I recently bought the book “The Good Immigrant” a collection of short stories on being a person of colour in the UK, the funny situations and less funny micro-aggressions that people of colour deal with on a day to day basis. When I open this book I’m received with open arms, I’m understood and more importantly, I understand.
This is the power of short stories and the importance of being represented. Nikesh Shukla, Editor and one of the authors of The Good Immigrant tweeted me saying “we got you… enjoy the book”, I thought “he has me” and my heart swells knowing that there are people out there who ‘get me’.
we got you. hope you enjoy the book! pic.twitter.com/lBd6mLS4hP
— Nikesh Shukla (@nikeshshukla) July 10, 2017
“Yes, Africa writes, but baby girl Africa reads!”
In my revived excitement over African writers, I started thinking about African readers, people like me, who sometimes reads a lot, other times very little, but who are always ready to engage in storytelling in whatever form it comes. Which had me thinking, there’s a lot being said about writers but what about readers? Readers are the powerhouse behind literature. The readers imagination adds the colour between the black and white lines of a story. With this on my heart I started pursuing a conversation about readers, African readers; which naturally led me to AFREADA.
AFREADA – Africa’s Online Literary Magazine
AFREADA is an online literary magazine, featuring original short stories from emerging writers across the African continent. A fusion of the two words, ‘Africa’ and ‘Reader’. AFREADA lives for the well-crafted narratives and effortless reads that speak to our daily realities as Africans at home and abroad.
Nancy Adimora, Creator of AFREADA
I caught up with the powerhouse behind AFREADA, the amazing and magnetic Nancy Adimora.
Nancy is a 23 y/o Nigerian-Londoner with an impressive catalogue of experience having completed her MSc in Leadership and International Development with the African Leadership Centre at King’s College London, and earned her Bachelor in Laws (LLB) from Queen Mary, University of London. In addition to working on partnerships and content creation for TEDxEuston.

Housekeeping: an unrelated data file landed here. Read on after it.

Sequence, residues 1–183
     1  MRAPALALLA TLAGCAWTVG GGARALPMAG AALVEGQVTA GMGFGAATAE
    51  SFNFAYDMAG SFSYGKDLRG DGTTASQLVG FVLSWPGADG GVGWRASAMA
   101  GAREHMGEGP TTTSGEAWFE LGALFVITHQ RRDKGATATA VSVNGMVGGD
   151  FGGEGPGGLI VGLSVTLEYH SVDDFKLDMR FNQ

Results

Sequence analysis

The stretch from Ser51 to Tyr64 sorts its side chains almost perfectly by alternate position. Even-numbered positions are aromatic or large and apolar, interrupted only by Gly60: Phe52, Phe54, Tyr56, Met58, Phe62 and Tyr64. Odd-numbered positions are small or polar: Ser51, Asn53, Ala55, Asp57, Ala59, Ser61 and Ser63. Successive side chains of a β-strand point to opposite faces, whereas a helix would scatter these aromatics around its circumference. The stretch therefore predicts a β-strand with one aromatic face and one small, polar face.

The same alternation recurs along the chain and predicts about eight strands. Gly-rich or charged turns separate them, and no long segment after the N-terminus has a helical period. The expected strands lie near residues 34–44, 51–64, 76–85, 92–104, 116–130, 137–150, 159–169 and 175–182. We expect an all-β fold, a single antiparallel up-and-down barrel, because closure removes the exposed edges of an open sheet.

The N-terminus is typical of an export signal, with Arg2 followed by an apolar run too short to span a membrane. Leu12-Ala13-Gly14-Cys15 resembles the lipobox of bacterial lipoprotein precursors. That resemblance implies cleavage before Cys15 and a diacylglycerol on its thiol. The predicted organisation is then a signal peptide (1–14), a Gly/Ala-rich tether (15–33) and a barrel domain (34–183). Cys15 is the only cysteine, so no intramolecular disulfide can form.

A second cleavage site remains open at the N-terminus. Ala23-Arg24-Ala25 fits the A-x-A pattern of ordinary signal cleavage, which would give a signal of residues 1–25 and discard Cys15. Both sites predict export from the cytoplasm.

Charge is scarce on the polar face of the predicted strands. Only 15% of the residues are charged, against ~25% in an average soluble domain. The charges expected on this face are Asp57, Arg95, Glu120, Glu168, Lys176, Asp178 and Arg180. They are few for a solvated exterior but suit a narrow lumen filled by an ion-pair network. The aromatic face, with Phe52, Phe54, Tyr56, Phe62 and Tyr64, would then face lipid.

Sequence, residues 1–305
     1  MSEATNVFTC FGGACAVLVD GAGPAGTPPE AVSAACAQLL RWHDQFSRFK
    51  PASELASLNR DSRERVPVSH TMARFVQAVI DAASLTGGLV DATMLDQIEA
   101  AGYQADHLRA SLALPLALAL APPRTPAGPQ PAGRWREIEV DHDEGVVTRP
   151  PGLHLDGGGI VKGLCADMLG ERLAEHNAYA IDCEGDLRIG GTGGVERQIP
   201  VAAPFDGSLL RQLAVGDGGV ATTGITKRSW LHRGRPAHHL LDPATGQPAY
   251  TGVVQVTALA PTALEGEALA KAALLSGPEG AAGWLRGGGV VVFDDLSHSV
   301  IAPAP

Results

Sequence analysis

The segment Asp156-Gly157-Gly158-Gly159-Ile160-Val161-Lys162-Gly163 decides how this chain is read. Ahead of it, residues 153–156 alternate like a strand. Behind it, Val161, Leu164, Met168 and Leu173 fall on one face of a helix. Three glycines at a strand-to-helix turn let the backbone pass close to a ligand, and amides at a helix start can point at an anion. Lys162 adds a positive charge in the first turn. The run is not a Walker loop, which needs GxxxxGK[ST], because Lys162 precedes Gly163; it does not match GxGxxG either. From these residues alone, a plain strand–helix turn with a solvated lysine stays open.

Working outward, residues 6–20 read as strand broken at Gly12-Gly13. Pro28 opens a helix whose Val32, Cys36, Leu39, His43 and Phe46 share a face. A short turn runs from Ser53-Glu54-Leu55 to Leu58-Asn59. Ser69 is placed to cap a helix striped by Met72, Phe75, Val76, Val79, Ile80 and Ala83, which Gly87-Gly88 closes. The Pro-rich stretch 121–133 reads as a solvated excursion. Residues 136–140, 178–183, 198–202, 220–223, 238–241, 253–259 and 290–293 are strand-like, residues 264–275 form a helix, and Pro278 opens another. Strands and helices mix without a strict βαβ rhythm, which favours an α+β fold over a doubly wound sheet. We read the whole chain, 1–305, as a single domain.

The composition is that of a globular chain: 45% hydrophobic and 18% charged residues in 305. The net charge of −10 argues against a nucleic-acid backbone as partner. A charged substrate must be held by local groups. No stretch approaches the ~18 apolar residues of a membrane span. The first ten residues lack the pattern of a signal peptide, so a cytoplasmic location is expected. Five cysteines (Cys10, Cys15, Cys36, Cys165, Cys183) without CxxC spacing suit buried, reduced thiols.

If you catch Nancy staring into the distance, she’s probably day-dreaming about a hot plate of Ofe Akwu, or thinking about social innovation and multimedia storytelling in Africa. When she isn’t preaching about “the power of ideas”, Nancy can be found waiting for her Green tea to cool, or stalking strangers on Instagram.
Listen to this episode featuring Nancy and I on African literature, AFREADA and travelling through stories.
Travelling through short stories
The Concubine by Elechi Amadi was the first time I had ever been to Nigeria (in my mind), this book transported me to somewhere that felt so close and yet so far. It was also warming to discover my mum read it when she was in school too. A book is a passport for the imagination, they take me to different places, people and perspectives.
Imagine travelling across Africa in a week. No visa application, no customs, Just awe-inspiring short stories. We are bringing words and worlds together. Cape Town to Cairo. Lagos to Lusaka. Welcome to AFREADA.
Books that have shaped us into the women we are today
- Nancy – Half of a Yellow Sun by Chimamanda Ngozi Adichie
- Me (Louisa) – UGLY (and Beyond Ugly) by Constance Briscoe
Half of Yellow Sun – “It was one of those books that teach you about yourself, what it means to call yourself Nigerian, what it means to call yourself Igbo. This was my introduction to African Literature” Nancy Adimora
African literature is not just to be studied, it’s to be enjoyed
Ahead of this episode, Nancy dropped some gems over the phone stating that too often people want to “study” African literature and the Black experience, and because of that, writers can get caught in a web of making stories that people need to examine, instead of just enjoy. Whilst there is a lot (and I mean a lot) to be understood about the Pan-African experience, we aren’t specimens and neither are our stories. They can be heavy, but they can also be light-hearted and for enjoyment purposes only, if they so wish.
“Baby girl, if you want to talk about love, talk about love. If you want to write about the time your mum made you wash the dishes when you wanted to go out with your friends. Write about it” Nancy Adimora
It was an absolute pleasure to speak to Nancy and I know you’ll love connecting with her in this episode too. Let me know your thoughts and particularly the books that have shaped you.
“Write your vision, make it plain” – Nancy Adimora, words to live by.
- Follow and say hi to Nancy on Twitter: @NancAdimora
- Check out AFREADA: www.afreada.com
- Follow AFREADA on Twitter: @afreada
Thank you for your comments!
Currently listening to this! First, I love @afroblush podcasts & now I just found a place for amazing African stories💃 You gotta press play https://t.co/xrOIY7NNHi
— Chi…exotic! (@chinnysimperio) July 12, 2017
— Diggi Amajuoyi (@Diggiada) July 12, 2017
This is a good read! https://t.co/hsvHgswOPr
— Jamii (@UKJamii) July 12, 2017
— Amina2manyAs (@Amina2manyAs) July 12, 2017
— Ike Anya (@ikeanya) July 13, 2017
Sat down for a chat with my gorgeous girl, @afroblush. We talked African Lit and the beauty of storytelling. Listen. Comment. Share. 😊 https://t.co/cBw9fZ6nXR
— Nancy Adimora (@NancAdimora) July 11, 2017
— CoachRNC MBPS (@CoachRNC) July 13, 2017
— Africa Writes (@AfricaWritesUK) July 12, 2017